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CALUMET CITY | Washington girls basketball player Victoria Bradley doesn't talk much about it because of the hurt.

The sister of Diamond and Tionda Bradley, the two Chicago sisters who disappeared on July 6, 2001, doesn't like to talk about their disappearance, yet she finds solace and hope when talking about it.

"It is painful every time I talk about it," Victoria said recently while at Tom's Restaurant in Calumet City. "It is so hard because we are still waiting for them to come home. It is has just been a hard time for me and my family."

Bradley, a basketball star at the East Side high school, was not home the morning of her sisters' disappearance. There have been no leads in the case.

She said she was at her grandmother's house and her mom went to work and left the two in the living room of their South Side apartment. There was a note, apparently written by Tionda, then 11, saying she and Diamond were going to a nearby park.

That is the last anyone has seen of the two. Their mother and father were both questioned by Chicago Police, but were let go. The area near their apartment was searched from the Metra tracks to abandoned buildings, to no avail.

Tionda would have turned 20 years old on Jan. 20. It is a case which still touches the hearts of Chicagoans and the nation.

Victoria said her faith has helped her and she still holds out that when she comes home from practice or a game, she will be surprised.

"I hope I come home one day and they are there waiting for me," Bradley said. "I would say, 'Where have you been? It has been a long time. Welcome home!'"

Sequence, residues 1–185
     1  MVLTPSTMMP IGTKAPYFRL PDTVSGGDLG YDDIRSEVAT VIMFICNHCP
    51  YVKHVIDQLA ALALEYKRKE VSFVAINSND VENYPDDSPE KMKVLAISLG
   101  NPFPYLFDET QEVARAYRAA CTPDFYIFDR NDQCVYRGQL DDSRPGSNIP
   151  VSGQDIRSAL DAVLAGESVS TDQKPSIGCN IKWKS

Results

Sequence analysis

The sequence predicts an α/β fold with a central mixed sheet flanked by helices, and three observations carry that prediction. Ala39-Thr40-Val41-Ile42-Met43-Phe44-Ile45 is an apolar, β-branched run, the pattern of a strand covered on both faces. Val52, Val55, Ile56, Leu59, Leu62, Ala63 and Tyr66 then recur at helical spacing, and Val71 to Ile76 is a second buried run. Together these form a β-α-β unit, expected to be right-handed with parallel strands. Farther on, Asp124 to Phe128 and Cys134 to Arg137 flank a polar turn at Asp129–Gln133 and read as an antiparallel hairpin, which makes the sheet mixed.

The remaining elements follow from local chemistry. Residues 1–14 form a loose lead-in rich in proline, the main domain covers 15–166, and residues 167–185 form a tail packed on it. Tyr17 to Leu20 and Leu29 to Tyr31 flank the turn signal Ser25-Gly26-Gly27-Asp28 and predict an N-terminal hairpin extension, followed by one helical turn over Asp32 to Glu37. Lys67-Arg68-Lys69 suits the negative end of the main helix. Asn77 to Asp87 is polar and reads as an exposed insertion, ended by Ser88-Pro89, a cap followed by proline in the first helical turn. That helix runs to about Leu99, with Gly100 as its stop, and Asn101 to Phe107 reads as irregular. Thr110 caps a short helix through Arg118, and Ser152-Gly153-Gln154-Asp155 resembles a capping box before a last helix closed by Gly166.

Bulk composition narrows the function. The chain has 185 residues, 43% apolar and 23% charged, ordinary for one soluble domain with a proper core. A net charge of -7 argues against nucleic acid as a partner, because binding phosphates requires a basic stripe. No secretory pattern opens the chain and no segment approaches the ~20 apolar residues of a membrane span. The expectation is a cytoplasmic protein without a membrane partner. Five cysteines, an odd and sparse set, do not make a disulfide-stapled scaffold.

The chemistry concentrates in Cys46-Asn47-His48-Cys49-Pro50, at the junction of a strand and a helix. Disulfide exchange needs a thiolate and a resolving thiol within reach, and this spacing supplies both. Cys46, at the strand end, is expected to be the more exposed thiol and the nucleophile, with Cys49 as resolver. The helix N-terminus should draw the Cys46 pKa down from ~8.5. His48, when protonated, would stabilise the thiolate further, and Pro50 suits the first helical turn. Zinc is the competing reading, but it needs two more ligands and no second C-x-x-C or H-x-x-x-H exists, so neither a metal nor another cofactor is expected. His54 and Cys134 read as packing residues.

Her aunt, April Jackson, said the family prays for the safe return of Diamond and Tionda. She also is impressed how Victoria has been able to handle the stress.

"Basketball is her outlet," Jackson said. "She is passionate about the game and that is good for her.

"This has been tough on everyone in our family. There is no closure. We just pray and hope."

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As of now, there have been no hot leads. A spokesman for the Chicago Police Department said it is still an ongoing investigation.

Victoria's birthday is July 7, one day after the disappearance. She has never celebrated a birthday since that fateful July day in 2001.

"I don't want to celebrate, no cake, nothing," Bradley said. "All I want is for my sisters to come home. Then we can celebrate."

She said it affected her in school and socially.

"I got F's. It was really tough for me," Bradley said. "It took some time for me. ... Even coming to Washington, a new school, so far south, I was a little scared.

"It is just something you cannot explain."

On the court, Bradley is averaging 17. 5 points and 12.7 rebounds per game for the Patriots, who are back on the winning track.

"I try not to think about it (the disappearance) because as I said, it is so painful," Bradley said. "I think basketball does get that off my mind, but it is hard not to think about them. We (her and her family), we think about them every day. I am not going to lie, they are always on my mind."

It was tough at Washington where she has played for four different coaches. An elite program struggled when Gerald Ewing left after her freshman year to become an assistant coach at Johnson County Community College (Kan.) and most of the team transferred. Bradley, who was a Times All-Area pick as a sophomore, quit last year in December.

She said several local community colleges have shown interest in her.

"I love playing basketball and I just needed to get away from it last year," she said. "I think I can play in college."

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